Enabling energy networks

Working towards a renewables-based system

Australia's energy system is transitioning from a system based on centralised coal fired power generation to a decentralised renewables-based system. This transition is not optional or something which can be prevented. It is part of the much broader, global movement towards a world which emphasises the importance of zero emissions and steps to address the impact of climate change.

Australia's transmission and distribution networks need to adapt to facilitate this transition but this is proving a real challenge. The current regulatory processes which govern the ability of transmission and distribution network service providers to augment their infrastructure to allow the connection of new (mainly renewable) generation is slow, if not stuck. 

The chicken and the egg


The dilemma faced by industry here has been referred to as the 'chicken and egg' problem, in that network owners cannot pass the required regulatory tests to build new infrastructure without being able to show sufficient demand from new generation, and generators cannot commit to building new projects without knowing that there will be a network to connect to. This issue is affecting private sector investment in the renewables industry, which is a vital part of the energy transition we must have.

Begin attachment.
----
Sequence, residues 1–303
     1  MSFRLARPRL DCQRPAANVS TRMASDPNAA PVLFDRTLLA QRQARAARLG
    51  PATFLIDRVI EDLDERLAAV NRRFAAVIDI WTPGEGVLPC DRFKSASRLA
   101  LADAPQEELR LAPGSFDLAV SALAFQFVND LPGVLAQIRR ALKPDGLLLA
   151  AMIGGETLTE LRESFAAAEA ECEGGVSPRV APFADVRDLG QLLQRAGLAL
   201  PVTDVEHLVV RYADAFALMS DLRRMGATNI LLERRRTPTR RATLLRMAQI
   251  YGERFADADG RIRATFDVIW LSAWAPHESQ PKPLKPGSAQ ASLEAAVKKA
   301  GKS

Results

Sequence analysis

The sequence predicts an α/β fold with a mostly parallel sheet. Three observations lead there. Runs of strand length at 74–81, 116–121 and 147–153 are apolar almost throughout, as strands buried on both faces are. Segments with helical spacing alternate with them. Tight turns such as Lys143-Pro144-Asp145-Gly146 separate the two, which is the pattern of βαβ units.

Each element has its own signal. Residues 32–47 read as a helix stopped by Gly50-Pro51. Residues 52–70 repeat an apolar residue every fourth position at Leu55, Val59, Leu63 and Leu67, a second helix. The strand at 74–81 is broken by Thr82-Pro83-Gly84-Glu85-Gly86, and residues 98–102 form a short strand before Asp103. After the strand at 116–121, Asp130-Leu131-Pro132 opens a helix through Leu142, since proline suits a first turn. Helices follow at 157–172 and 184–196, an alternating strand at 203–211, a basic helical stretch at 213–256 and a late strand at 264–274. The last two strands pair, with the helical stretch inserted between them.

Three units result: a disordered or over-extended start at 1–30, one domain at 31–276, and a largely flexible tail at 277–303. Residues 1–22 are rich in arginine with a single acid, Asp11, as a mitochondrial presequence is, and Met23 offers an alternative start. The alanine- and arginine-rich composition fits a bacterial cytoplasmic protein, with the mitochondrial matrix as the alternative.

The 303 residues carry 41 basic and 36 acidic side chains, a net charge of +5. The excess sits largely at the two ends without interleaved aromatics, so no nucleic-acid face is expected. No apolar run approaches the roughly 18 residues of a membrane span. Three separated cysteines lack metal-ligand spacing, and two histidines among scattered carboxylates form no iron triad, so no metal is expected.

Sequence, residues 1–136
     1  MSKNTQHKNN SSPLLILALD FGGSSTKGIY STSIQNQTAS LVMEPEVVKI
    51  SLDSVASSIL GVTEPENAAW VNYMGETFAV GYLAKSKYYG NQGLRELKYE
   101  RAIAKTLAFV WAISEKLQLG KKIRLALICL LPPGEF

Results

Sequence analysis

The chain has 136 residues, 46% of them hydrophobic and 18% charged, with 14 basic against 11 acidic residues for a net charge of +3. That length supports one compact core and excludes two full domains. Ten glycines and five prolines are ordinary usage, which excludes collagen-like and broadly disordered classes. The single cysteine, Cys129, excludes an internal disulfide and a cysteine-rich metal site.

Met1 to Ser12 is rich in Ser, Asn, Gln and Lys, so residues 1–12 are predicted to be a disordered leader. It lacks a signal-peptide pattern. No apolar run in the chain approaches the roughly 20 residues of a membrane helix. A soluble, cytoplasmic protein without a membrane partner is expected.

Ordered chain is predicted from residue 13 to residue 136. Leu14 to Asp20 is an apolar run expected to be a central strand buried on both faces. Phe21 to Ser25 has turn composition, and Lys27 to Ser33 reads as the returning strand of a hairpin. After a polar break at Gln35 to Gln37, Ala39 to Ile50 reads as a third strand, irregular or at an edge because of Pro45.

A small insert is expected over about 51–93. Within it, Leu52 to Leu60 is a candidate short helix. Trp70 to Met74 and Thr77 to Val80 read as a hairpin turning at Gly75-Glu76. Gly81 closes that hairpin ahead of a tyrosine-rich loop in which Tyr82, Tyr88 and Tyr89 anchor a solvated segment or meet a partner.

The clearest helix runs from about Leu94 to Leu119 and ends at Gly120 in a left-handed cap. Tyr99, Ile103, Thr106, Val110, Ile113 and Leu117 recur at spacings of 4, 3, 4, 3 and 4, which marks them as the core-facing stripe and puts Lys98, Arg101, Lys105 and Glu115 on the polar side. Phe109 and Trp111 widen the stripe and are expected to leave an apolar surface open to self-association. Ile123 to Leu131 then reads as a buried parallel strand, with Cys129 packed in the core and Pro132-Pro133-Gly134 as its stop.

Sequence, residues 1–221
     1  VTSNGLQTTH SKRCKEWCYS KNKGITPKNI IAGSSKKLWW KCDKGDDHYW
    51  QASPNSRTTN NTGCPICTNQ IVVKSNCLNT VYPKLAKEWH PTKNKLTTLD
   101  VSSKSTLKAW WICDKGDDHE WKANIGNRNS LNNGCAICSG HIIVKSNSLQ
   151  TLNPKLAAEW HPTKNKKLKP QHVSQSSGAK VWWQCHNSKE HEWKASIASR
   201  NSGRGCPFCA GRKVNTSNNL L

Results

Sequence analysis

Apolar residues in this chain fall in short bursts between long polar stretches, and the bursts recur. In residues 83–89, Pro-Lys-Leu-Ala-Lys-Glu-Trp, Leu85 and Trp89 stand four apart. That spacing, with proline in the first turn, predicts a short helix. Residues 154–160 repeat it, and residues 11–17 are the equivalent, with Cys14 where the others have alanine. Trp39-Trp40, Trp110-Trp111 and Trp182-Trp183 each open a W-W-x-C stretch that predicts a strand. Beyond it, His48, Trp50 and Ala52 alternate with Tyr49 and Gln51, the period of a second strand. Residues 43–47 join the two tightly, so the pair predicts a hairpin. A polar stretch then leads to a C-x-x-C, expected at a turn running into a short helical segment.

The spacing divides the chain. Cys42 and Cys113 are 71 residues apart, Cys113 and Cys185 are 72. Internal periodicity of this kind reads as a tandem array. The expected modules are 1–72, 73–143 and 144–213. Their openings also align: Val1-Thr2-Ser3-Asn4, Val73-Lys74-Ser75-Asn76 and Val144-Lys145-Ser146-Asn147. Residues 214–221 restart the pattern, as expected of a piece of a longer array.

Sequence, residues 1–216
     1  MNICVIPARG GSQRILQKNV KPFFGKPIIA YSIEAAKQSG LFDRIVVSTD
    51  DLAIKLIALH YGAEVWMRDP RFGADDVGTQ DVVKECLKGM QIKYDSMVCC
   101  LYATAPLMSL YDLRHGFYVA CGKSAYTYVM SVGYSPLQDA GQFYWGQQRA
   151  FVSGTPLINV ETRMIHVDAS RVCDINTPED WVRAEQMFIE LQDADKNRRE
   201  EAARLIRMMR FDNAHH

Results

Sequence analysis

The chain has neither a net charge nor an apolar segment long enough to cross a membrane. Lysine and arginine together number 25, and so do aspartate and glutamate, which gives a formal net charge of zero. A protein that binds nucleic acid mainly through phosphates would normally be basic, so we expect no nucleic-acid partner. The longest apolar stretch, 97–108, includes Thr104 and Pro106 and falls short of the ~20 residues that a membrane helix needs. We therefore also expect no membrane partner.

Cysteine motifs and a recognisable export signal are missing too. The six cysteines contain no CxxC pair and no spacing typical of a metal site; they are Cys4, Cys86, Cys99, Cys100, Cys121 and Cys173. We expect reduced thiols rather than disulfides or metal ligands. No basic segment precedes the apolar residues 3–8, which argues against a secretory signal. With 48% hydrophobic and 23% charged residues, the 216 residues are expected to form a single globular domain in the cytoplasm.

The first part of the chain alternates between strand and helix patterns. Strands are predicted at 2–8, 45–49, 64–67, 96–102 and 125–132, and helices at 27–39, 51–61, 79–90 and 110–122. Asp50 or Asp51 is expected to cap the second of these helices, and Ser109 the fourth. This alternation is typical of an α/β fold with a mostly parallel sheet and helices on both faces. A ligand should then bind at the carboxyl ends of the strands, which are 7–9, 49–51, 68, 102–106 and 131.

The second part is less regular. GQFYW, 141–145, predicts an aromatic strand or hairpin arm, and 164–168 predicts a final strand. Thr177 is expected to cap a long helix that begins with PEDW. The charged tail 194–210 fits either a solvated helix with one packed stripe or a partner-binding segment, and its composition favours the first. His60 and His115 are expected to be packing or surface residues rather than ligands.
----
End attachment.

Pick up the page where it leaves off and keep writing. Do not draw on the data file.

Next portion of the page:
Project developers are facing long delays in the connection and commissioning process, which in turn is affecting risk appetite for both equity and debt financing. Once operational, renewable generators are facing a heightened risk of being curtailed, which has a direct impact on revenue and project economics.

States 'go it alone'

We are seeing various State governments starting to 'go it alone' in an attempt to circumvent the chicken and egg problem and to ensure that their State moves towards a secure, reliable energy system based on renewable generation in an orderly way. While this is a positive for private investment, it does detract from the coordinated national approach which has underpinned our system for so long.

At Allens, we are monitoring these issues closely. Whether it be through our role in acting for regulators and rule makers on regulatory reform projects or by virtue of the work we do with project developers, financiers and offtakers on renewable energy projects, we will continue to ensure that our clients benefit from our broad experience and our expertise across the sector in these issues.